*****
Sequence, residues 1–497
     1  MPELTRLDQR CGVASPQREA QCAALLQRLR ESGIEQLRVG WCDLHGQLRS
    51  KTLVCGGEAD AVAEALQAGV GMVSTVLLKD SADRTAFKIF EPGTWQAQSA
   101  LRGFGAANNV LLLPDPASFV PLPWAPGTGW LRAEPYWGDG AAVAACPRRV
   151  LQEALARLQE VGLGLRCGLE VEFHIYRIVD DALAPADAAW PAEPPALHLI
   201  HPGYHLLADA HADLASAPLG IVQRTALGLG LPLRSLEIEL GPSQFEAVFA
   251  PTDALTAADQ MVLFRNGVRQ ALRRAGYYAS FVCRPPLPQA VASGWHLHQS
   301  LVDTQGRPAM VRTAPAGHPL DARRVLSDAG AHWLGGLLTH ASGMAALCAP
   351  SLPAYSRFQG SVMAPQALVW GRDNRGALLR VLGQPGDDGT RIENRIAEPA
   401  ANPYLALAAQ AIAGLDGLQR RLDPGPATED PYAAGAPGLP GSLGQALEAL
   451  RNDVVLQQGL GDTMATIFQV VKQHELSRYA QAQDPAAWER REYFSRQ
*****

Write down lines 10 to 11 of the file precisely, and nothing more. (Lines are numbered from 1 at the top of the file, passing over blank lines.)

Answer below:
   401  ANPYLALAAQ AIAGLDGLQR RLDPGPATED PYAAGAPGLP GSLGQALEAL
   451  RNDVVLQQGL GDTMATIFQV VKQHELSRYA QAQDPAAWER REYFSRQ